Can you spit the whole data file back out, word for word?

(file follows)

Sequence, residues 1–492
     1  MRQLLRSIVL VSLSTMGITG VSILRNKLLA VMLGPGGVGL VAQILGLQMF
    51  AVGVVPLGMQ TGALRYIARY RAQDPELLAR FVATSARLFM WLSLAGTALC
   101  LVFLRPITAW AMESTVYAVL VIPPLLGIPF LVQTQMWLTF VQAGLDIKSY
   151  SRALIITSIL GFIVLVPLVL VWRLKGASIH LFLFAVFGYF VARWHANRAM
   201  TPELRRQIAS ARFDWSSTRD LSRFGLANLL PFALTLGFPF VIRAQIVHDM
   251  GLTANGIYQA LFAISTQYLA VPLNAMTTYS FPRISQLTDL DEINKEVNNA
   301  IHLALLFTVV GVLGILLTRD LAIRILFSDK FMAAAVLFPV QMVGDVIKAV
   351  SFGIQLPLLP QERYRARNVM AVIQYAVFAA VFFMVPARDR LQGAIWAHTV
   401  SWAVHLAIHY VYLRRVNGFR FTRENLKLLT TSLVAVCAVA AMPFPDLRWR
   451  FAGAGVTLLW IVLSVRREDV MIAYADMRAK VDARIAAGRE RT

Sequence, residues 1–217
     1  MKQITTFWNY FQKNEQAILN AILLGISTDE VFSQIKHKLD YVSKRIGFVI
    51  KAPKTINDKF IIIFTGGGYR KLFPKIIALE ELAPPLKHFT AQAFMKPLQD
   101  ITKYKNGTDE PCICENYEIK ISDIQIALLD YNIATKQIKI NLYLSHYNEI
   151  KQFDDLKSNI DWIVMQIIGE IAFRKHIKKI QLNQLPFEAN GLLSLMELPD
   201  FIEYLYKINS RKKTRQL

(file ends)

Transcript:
Sequence, residues 1–492
     1  MRQLLRSIVL VSLSTMGITG VSILRNKLLA VMLGPGGVGL VAQILGLQMF
    51  AVGVVPLGMQ TGALRYIARY RAQDPELLAR FVATSARLFM WLSLAGTALC
   101  LVFLRPITAW AMESTVYAVL VIPPLLGIPF LVQTQMWLTF VQAGLDIKSY
   151  SRALIITSIL GFIVLVPLVL VWRLKGASIH LFLFAVFGYF VARWHANRAM
   201  TPELRRQIAS ARFDWSSTRD LSRFGLANLL PFALTLGFPF VIRAQIVHDM
   251  GLTANGIYQA LFAISTQYLA VPLNAMTTYS FPRISQLTDL DEINKEVNNA
   301  IHLALLFTVV GVLGILLTRD LAIRILFSDK FMAAAVLFPV QMVGDVIKAV
   351  SFGIQLPLLP QERYRARNVM AVIQYAVFAA VFFMVPARDR LQGAIWAHTV
   401  SWAVHLAIHY VYLRRVNGFR FTRENLKLLT TSLVAVCAVA AMPFPDLRWR
   451  FAGAGVTLLW IVLSVRREDV MIAYADMRAK VDARIAAGRE RT

Sequence, residues 1–217
     1  MKQITTFWNY FQKNEQAILN AILLGISTDE VFSQIKHKLD YVSKRIGFVI
    51  KAPKTINDKF IIIFTGGGYR KLFPKIIALE ELAPPLKHFT AQAFMKPLQD
   101  ITKYKNGTDE PCICENYEIK ISDIQIALLD YNIATKQIKI NLYLSHYNEI
   151  KQFDDLKSNI DWIVMQIIGE IAFRKHIKKI QLNQLPFEAN GLLSLMELPD
   201  FIEYLYKINS RKKTRQL